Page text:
Workers at the Port of Port of Spain yesterday took a day of rest to highlight grievances including delayed wage-talks and health and safety issues in their daily working conditions, SWWTU head Michael Annisette told Newsday.
However in a statement in response Port Authority Acting CEO Trudy Gill-Conlon said such action could hurt the port finally and so would be deemed industrial action under the Industrial Relations Act which could lead to disciplinary action including termination.
Annisette was upset at a recent letter dated October 17 to him from the authority declining to meet the union to discuss the authority’s decision on the appointment dates of a group of junior clerical officers. He said workers were incensed by letter saying the decision remains enforced and that “no useful purpose would be served on meeting on this issue.”
Saying the letter was offensive and regrettable, Annisette said, “It can break down the relationship we as a union had worked hard over the years to build with management.” Saying the port board was not above reproach like Caesar’s wife, he said, “We have the right to engage the board, otherwise they are dictatorial and full of hubris, which has no place in a modern industrial relations society.”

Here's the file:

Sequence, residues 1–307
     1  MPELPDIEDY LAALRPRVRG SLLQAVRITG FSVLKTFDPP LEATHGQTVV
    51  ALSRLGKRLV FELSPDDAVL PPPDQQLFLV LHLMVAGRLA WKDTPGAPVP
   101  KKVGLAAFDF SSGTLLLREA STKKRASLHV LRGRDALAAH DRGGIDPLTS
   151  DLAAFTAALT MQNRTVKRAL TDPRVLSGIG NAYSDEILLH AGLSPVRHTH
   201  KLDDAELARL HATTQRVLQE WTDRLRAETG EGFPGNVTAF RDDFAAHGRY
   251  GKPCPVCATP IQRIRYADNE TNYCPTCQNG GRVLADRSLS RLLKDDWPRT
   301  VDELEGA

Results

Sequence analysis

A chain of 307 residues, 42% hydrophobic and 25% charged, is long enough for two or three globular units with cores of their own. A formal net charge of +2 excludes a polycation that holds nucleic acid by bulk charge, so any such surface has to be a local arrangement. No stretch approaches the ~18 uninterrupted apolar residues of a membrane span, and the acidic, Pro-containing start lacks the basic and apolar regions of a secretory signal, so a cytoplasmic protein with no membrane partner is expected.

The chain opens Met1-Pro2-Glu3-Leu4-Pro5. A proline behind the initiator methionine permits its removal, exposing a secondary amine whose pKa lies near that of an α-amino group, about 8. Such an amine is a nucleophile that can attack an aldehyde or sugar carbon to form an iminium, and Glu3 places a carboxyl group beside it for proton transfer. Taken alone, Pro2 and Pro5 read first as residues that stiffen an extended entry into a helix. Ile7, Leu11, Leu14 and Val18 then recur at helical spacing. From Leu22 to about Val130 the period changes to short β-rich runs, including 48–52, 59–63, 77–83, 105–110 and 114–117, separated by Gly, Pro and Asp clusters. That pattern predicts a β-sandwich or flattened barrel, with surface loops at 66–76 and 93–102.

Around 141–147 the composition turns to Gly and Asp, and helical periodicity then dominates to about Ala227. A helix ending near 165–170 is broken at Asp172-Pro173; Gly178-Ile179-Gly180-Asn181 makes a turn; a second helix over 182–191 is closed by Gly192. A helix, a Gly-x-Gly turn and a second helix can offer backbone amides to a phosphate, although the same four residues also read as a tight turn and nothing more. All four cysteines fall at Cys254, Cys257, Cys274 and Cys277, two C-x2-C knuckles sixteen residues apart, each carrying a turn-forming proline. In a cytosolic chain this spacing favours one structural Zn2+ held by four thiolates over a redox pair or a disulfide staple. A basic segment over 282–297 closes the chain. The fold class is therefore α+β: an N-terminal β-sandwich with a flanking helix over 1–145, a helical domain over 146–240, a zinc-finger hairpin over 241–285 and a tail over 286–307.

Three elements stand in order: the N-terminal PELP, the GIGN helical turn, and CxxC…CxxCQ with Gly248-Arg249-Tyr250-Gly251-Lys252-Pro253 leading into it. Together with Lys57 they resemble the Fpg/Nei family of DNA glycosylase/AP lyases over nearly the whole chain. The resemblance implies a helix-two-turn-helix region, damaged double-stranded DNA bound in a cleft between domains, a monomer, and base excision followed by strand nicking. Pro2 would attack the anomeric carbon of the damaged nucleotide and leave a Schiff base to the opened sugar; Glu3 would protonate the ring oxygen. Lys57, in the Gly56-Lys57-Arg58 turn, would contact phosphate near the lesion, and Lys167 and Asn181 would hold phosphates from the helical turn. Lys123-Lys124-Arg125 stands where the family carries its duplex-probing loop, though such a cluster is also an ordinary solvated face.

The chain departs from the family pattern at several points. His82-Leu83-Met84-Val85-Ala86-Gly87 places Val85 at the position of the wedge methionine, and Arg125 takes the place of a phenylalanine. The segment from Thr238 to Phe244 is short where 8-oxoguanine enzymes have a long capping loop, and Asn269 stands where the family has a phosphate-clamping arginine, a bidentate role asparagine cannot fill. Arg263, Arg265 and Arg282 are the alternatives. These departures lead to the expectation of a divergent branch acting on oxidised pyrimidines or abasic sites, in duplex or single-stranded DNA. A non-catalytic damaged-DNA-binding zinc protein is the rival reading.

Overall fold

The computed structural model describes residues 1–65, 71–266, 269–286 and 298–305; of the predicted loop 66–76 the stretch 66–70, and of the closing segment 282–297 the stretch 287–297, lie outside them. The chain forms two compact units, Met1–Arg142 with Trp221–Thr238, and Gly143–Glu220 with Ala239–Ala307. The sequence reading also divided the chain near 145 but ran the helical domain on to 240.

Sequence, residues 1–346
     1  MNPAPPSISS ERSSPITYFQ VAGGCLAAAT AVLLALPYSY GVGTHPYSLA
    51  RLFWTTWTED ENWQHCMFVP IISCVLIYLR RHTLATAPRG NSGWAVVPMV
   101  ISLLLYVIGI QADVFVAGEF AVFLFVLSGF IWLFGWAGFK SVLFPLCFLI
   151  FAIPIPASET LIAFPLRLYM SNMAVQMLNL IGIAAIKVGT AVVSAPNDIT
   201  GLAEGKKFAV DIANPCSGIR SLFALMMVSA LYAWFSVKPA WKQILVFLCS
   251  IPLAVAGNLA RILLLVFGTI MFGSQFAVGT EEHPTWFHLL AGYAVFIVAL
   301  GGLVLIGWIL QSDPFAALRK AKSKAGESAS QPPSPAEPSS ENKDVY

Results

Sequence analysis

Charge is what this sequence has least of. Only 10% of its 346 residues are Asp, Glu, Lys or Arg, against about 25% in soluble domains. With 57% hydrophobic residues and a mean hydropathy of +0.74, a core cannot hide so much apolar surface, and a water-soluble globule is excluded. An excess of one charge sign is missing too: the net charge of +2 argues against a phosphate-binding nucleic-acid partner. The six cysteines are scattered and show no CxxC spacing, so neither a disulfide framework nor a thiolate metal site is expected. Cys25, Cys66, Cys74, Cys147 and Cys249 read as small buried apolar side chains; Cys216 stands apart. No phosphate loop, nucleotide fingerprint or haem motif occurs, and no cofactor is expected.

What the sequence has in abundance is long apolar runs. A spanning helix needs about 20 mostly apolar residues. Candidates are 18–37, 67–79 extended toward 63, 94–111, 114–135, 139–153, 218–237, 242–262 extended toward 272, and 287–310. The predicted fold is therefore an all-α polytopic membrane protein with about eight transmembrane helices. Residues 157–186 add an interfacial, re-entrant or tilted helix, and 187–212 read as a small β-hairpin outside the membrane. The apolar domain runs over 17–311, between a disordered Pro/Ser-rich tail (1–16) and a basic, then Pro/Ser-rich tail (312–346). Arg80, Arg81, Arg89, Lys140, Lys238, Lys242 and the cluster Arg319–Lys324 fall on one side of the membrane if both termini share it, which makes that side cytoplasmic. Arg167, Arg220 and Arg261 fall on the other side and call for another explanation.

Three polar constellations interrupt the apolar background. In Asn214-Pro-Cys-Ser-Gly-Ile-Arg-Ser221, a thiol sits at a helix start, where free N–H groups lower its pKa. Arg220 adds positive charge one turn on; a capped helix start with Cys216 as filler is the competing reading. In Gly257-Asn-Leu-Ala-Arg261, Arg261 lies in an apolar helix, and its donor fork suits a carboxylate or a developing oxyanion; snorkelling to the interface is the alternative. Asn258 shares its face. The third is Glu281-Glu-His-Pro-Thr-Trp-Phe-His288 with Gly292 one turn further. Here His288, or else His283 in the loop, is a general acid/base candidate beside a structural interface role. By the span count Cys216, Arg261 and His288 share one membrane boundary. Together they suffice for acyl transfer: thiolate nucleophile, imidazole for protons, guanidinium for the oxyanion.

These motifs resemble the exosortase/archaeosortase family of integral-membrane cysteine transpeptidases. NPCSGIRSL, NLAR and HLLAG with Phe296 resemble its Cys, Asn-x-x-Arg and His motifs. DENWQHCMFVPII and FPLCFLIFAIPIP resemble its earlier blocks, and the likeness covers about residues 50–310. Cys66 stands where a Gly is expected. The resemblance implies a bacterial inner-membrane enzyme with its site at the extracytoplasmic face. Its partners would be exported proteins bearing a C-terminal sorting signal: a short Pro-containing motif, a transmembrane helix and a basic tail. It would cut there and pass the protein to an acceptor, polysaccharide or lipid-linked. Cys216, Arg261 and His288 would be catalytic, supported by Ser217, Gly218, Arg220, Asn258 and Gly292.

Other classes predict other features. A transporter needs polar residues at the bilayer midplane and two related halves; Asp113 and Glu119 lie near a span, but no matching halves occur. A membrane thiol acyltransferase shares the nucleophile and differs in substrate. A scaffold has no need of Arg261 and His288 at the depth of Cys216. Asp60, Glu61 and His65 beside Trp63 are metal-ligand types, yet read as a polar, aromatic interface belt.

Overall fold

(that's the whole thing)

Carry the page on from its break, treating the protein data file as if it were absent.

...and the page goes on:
Annisette lamented port workers are living on 2014 salaries in 2019. He said wages talks are under way for the 2014-2017 period, but to date the port management is only telling the union, “We are waiting on the Government to release the funds.” Meanwhile workers say they hardly have money to come to work, he added.
Annisette lamented daily working conditions, such as vehicles lacking seats which workers had to improvise by a piece of wood. He suspected a deliberate attempt to run down the port to hand in over to private investors to run, ironically while planning a port at Toco. “The port has no been dredged for years. Equipment is over 30 years old.”
Annisette viewed the Government’s shifting of the ferry service from the authority to Nidco as an attack on the SWWTU.
Annisette was due to meet his executive and workers yesterday at 2 pm to decide what would be next.
Several workers added their complaints to Newsday. One said, “Two Wednesday ago we came to work in sneakers to highlight a lack of protective footwear. Half hour later boots appeared. Imagine that!” He hoped for a wage settlement and for a proper medical and insurance plan for workers. Another agreed, “We need an update about our money owed.”